Nursing is a growing profession, so the use of credentials in the profession such as ours is essential to designate the complex levels of attained education, licensure, certification and achievement of a professional. Credentials are a way of identifying and ensuring credibility and competence to the consumers of nursing care and also members of the healthcare team.
Here’s our guide for nurses on how to properly display your nursing and non-nursing credentials.
Follow the order
In an effort to establish a recognizable and understandable credential usage process across all spectrums of nursing, the American Nurses Association recommends the following order of credentials, from most to least permanent:
- Highest earned degree (e.g., “PhD” “MSN” “BSN”)
- Licensure (e.g. “RN” “LPN”)
- State designations or requirements (e.g. “CCRN”)
- National certifications
- Awards and honors
- Other recognitions
And there’s a reason behind it.
Educational degree comes first because it is considered a permanent credential, meaning it cannot be taken away unless under extreme circumstances. Licensure and state designations are required for nursing practice and are only revoked for serious professional misconduct. Certifications generally must be periodically renewed by examination or the completion of a prescribed number of continuing education units (CEUs) and is sometimes voluntary. Awards, honors, and other recognitions are always voluntary.
What are some examples of degrees?
Educational degrees include doctoral degrees (PhD, DNP, EdD, DNS), master’s degrees (MSN, MAN, MS, MA), bachelor’s degrees (BS, BSN, BA), and associate degrees (AD, ADN).
Licensure credentials include RN and LPN.
State designations or requirements recognize authority to practice at a more advanced level in the state and include APRN (Advanced Practice Registered Nurse), NP (Nurse Practitioner), and CNS (Clinical Nurse Specialist).
National certifications are awarded through accredited certifying bodies such as the American Nurses Credentialing Center (ANCC), includes RN-BC (Registered Nurse-Board Certified) and FNP-BC (Family Nurse Practitioner-Board Certified).
Awards and honors recognize outstanding achievements in nursing such as FAAN (Fellow of the American Academy of Nursing).
Other certifications include non-nursing certifications that recognize additional skills. Examples include, EMT-Basic/EMT awarded by the National Registry of Emergency Medical Technicians.
What credentials to use?
On legal documents such as prescriptions, charting notes and other medical records, you must use the credentials required by your state for your area of practice.
For any other professional endeavours like writing for a publication, providing testimony in court, and speaking engagements, use all your relevant credentials.
If you have more than one credentials…
List the highest education degree first (e.g. Tyrone Lamister, MSN, RN). In most cases, one degree is enough but if your second degree is in another relevant field, you must choose to list it.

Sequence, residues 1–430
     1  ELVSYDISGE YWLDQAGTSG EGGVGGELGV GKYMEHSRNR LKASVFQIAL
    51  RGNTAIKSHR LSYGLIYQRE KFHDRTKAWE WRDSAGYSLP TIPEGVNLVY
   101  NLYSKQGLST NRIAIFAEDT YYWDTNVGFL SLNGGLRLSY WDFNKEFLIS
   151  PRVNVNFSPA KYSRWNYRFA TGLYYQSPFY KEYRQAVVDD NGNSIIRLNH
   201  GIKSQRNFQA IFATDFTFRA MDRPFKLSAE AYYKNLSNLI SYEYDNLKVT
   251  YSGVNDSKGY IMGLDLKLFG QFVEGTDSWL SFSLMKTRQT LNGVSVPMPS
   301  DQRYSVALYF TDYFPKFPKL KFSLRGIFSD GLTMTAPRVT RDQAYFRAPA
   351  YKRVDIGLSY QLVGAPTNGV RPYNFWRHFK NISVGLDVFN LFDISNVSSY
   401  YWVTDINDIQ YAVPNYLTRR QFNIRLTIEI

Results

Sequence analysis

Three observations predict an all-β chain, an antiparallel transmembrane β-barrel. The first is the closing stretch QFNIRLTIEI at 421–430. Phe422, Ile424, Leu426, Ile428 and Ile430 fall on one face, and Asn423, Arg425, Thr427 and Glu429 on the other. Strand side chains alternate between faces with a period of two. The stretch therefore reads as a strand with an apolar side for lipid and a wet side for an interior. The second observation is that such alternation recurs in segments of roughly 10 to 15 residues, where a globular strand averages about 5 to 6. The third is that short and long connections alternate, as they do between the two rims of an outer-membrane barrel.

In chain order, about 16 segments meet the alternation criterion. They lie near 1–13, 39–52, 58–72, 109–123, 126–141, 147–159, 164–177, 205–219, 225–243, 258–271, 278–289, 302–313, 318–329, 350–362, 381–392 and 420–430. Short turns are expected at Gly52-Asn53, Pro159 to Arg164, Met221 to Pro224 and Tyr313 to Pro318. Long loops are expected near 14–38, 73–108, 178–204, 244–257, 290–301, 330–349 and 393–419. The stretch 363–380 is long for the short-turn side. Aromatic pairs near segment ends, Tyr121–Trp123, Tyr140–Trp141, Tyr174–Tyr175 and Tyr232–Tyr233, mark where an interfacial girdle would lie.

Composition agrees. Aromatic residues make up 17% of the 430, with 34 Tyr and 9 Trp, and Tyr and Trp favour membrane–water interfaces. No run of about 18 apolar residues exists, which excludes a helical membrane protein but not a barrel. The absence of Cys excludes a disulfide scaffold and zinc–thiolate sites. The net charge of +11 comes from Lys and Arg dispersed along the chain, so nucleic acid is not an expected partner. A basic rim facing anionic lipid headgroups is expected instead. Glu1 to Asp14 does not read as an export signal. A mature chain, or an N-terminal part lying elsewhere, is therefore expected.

Note that the highest non-nursing degree is listed first, followed by the highest nursing degree. A nurse who has a master’s in non-nursing field might choose Edward Starch, MEd, BSN, RN.
Omit your baccalaureate degree.
If you have a doctorate and master’s degree, omit your baccalaureate degree (e.g. Kelly C. Targaryen, PhD, MSN).
How about non-nursing credentials?
Nurses can also hold non-nursing credentials including academic degrees. These are usually omitted unless they are related to the nurse’s job. For instance, a staff nurse would likely not list an MBA, but a nurse manager might choose to do so.
List them in relevance to your practice
Multiple nursing certifications may be listed in the order you prefer, but consider listing them either in order of relevance to your practice or in the order they were obtained, with the most recent first. For example, a registered midwife who later on becomes a registered nurse may choose Sersee Lamister, RM, RN. On the other hand, always list non-nursing certification last.
Separation and format
A nurse’s credentials are comma-separated from the person’s name and from each other (e.g. John Shaw, BSN, RN). They are usually written without periods within the credentials (e.g. “RN” not “R.N.”).
RNs are not required by law to be certified in a certain specialty. The law doesn’t necessitate a certified medical-surgical registered nurse (CMSRN), for example, to work on a the medical-surgical floor, and most med-surg nurses are not CMSRNs. Certifications do, however, instill professionalism and makes the nurse more attractive to prospective and current employers. Additionally, being a certified nurse is another factor to have higher salary differential over non-certified colleagues.
Some hospitals and other health care facilities are willing to pay a certified nurse extra when he or she works within their specialty. Also, some hospitals may require certain nurses, such as nursing supervisors or lead nurses, be certified. Certification instills confidence in the nurses.
To learn more about certification and credentialing, visit American Nurses Credentialing Center.
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